Traveling to Mexico is NOT a Bad Thing!
Tammy & I love to travel to Baja California, Mexico. In the recent past the press has given Mexico a bum rap. Especially Baja, California and the wonderful towns and cities you can certainly visit safely.
As it is currently written, the Travel Warning’s broadness is equivalent to warning travelers not to travel to Miami because of the crime rate in New Orleans.
Mexico is comprised of warm people, a fascinating history, a hospitable culture, amazing beauty, and numerous friendly and SAFE vacation destinations. Most of which are safer than major U.S. cities!
English is spoken fluently in all of Mexico’s major tourist locations. The resorts in Mexico are some of the most magnificent in the entire world. A visitor can choose from a cultural experience or a fully Americanized mega resort. Options include all-inclusive and non-all-inclusive resorts, hotels and boutique properties.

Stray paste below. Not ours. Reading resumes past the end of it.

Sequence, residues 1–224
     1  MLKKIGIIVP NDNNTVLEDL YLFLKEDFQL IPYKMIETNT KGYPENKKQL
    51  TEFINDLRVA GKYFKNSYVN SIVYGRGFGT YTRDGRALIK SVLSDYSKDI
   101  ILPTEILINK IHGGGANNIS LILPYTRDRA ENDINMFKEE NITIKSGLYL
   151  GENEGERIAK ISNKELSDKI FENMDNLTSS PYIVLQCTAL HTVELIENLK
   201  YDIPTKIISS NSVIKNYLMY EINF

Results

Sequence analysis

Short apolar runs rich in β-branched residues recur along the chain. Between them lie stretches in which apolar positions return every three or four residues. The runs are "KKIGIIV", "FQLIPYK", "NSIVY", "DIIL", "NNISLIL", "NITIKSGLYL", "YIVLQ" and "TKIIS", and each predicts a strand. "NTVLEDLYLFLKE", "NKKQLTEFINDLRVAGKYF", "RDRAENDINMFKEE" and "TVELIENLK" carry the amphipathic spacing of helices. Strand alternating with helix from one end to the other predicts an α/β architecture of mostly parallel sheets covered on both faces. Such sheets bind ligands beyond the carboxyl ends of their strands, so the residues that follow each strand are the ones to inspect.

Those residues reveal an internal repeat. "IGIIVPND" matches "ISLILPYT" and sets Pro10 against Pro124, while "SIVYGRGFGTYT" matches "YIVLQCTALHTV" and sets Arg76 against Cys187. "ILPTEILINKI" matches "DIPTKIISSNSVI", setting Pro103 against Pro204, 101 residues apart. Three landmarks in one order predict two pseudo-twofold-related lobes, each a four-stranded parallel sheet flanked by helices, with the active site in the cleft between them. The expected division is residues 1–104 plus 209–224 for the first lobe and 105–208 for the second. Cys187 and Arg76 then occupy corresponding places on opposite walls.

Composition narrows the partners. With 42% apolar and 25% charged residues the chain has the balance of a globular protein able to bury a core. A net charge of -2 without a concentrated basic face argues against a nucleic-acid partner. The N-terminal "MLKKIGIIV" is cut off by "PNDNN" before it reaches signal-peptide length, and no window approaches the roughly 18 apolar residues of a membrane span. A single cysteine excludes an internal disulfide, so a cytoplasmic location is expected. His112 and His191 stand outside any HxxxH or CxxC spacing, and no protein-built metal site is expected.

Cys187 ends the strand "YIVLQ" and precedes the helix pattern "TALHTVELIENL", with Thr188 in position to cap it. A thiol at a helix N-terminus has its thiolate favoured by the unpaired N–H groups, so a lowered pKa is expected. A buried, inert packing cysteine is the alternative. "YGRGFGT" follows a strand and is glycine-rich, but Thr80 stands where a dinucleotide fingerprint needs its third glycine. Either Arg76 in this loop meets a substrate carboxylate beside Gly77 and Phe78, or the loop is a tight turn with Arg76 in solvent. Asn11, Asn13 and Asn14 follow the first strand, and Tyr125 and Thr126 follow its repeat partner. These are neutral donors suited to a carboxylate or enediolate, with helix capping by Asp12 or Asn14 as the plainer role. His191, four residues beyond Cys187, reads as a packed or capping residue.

The climate in Mexico is a big attraction for Americans. The major tourist locations are along the coast and are warm year-round. Inland communities at higher elevations such as Guadalajara (5200 ft. above sea level) and in particular close-by Lake Chapala, are much dryer and more temperate. Mexico City (Ciudad de Mexico), with its much higher elevation of 7545.93 ft. (2300 sq. meters) above sea level, can reach freezing temperatures in the winter.
Yes safety! Mexico is a friendly ally to the U.S. Mexico is one of the SAFEST country’s an American can visit! In fact, Mexico is safer than many U.S. cities and the tourist areas within Mexico are safer than most major U.S. cities. US-Mexico Tourism Alliance cautions Americans to beware of U.S. media stories when they sensationalize and “spin” crime stories regarding Mexico. Most mature, well-traveled Americans will be the first to point out that the U.S. media is the least accurate and most bias in the world. We all remember when the U.S. media wrongly blamed Mexico for the Swine Flu (H1N1), as just one example. And did you know that most U.S. citizens killed in Mexico were involved in illicit activities? It would nice to be able to say that about visitors killed within the U.S., but we cannot. The inaccuracies go on and on. Instead, look at the crime facts regarding Mexico.
Take a look!
Read this important article written by Juan Tintos as follows:
Trying to bring back Baja's tourists January 6, 2012 by:
Juan Tintos, Secretary of tourism, Baja California